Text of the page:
Where I Hope to Improve

I left my job with one basic goal: Make enough money to remain self-employed for at least a year. I needed to know if I had what it takes to make it on my own. And so far (knock on wood) I’ve made it through 5/6 of the year with only a few bumps. I can’t even begin to describe how much I’ve learned and how many changes I have in mind for next year.

I’ve finally reached a level of comfort with how much work I need to do each month to pay my bills. In 2013, I’d like to double my freelance income. Not by raising my rates, necessarily, but by doing more work in a more efficient way. I’m also developing several extra income streams that don’t require quite as much time and energy; eventually I’d love for those to pay my bills so I can be more selective in the clients I take on.

I also want to spend more time doing other things I enjoy. I love what I do and sometimes it’s hard to stop even when I know I need a break. But next year I’d like to cut back on the number of hours I work. I want to eat my meals at the table instead of at my desk. I want to stop answering work-related emails on the weekends (one of the hardest habits I’ve tried to break so far). Most of all, I want to create time for ME.

I’ve already decided that I will write down five things in a notebook each day from now on:

  • The work-related accomplishment I’m most proud of that day
  • A work issue I need to improve on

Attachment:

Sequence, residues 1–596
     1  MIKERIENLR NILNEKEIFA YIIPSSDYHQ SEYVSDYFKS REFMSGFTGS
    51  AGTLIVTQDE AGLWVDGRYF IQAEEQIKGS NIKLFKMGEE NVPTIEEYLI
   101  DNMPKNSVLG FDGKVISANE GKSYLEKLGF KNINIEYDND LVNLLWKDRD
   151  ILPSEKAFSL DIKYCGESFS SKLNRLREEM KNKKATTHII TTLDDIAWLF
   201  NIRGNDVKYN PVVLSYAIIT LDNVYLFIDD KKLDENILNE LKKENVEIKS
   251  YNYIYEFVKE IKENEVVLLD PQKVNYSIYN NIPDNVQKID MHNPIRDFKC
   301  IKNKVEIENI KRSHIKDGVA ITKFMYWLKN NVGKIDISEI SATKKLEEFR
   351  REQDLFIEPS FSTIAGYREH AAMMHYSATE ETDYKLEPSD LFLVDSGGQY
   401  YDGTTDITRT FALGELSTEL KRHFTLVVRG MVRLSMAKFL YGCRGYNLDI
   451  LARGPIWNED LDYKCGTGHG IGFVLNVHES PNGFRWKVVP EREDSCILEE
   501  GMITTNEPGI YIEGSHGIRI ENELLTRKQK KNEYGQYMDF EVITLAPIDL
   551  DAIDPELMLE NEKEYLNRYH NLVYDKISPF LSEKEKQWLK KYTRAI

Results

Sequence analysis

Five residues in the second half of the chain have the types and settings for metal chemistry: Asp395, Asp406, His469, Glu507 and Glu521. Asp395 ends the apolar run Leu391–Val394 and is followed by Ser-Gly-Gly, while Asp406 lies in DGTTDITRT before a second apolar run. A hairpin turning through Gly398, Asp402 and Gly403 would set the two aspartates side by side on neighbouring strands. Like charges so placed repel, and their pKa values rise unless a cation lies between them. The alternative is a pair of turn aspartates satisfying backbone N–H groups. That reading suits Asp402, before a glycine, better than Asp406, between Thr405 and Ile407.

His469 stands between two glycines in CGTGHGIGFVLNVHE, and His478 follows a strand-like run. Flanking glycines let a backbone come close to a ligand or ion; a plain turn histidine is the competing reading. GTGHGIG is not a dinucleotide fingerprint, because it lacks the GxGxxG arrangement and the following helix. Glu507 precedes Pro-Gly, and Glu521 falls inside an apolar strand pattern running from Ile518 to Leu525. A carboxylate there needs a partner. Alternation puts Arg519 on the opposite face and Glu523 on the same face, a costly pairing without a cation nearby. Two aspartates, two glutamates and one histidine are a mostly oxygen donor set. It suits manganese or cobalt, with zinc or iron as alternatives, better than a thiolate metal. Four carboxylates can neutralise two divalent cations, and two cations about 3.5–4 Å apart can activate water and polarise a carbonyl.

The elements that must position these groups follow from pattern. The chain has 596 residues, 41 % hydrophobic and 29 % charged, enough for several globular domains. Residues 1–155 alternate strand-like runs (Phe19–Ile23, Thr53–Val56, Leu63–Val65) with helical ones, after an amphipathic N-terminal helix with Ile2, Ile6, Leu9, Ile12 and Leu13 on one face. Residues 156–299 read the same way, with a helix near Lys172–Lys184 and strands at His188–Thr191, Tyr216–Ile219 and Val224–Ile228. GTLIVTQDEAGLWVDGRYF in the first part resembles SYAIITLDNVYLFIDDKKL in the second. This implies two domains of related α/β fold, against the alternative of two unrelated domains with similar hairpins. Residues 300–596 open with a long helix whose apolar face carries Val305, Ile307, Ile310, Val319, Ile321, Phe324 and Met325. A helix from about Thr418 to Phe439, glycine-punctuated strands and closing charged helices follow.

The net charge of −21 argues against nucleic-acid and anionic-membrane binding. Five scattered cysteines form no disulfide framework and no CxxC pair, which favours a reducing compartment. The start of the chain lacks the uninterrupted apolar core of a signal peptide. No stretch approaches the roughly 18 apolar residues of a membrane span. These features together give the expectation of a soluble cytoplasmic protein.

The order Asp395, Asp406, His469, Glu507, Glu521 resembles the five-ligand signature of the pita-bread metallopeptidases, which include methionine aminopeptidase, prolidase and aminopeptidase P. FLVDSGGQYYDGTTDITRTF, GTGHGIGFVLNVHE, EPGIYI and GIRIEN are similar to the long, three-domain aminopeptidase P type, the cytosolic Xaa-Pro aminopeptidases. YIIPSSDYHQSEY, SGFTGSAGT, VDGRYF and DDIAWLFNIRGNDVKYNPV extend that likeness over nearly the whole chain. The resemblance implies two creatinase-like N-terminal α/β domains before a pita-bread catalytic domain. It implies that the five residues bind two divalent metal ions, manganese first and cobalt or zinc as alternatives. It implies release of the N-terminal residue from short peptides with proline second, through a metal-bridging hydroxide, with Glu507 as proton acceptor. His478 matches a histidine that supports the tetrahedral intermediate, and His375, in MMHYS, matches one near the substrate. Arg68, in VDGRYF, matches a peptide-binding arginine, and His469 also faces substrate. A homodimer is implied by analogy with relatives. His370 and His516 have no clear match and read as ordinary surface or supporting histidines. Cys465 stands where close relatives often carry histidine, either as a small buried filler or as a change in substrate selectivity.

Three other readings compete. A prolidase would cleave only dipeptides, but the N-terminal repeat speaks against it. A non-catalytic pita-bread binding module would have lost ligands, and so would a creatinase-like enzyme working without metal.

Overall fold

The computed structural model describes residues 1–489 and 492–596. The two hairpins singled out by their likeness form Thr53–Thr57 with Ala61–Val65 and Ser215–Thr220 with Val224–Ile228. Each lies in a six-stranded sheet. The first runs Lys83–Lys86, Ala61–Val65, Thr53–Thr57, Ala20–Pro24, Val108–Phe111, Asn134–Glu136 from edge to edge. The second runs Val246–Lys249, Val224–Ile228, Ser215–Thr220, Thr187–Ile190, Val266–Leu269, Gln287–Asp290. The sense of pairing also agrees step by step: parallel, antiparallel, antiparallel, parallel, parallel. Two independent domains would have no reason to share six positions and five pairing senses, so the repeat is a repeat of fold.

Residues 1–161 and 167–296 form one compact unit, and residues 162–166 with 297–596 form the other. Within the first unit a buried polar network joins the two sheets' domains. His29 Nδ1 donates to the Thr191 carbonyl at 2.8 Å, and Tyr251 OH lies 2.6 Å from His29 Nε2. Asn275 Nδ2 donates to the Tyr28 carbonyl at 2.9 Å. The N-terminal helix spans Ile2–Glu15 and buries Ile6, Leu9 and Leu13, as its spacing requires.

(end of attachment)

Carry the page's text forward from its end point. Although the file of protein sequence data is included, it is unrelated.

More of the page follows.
• The personal accomplishment I’m most proud of that day
  • One thing I did that was only possible because I’m self-employed (and staying in my pajamas all day doesn’t count)
  • Something I’d like to learn, do, or work on (NOT work-related)

Hopefully being mindful of these things will help me seek out a life beyond my computer screen.

So, Work/Life Balance. Is it Possible?

As a freelancer, I have yet to reach the work/life balance I had in mind when I quit my job. However, I do still believe it’s possible to reach it. The thing is, I didn’t leave my career to work for a bigger slavedriver than I did before. Yet that’s what I’ve allowed to happen, and I’m the only one who can fix it.

If 2012 has been all about succeeding as my own boss (AKA not going back to a “real” job), 2013 is going to be about reclaiming some of the things I gave up to pursue this crazy dream of mine. I don’t know that I’ll ever get to work on the beach – how do people keep sand out of their laptops? – but I’m definitely going to take more time to enjoy life and relax a little.

If you’re self-employed, how do you achieve work/life balance? If you aren’t self-employed, do you think you’d become obsessed with work like I have, or would you struggle more with staying motivated?

About Andrea Whitmer

Andrea is a freelance web developer and mom trying to maintain a sense of humor in an otherwise chaotic world. She blogs in hopes of helping others avoid the same mistakes she made in the past. Join in the discussion here on So Over This, or connect on Twitter, Pinterest, Instagram, or Google Plus. You can also subscribe to new posts via RSS so you never miss out!


  1. bluecollarworkman says:

    I think the part where you pick up Jayden from school and drop him off is great. My wife does that with our girls and it's wonderful. And very important. Child care is expensive and having your kids shipped all over the place before you get home from work sucks. And I think it sucks for them too. That's definitly one HUGE positive about you doing your own work thing.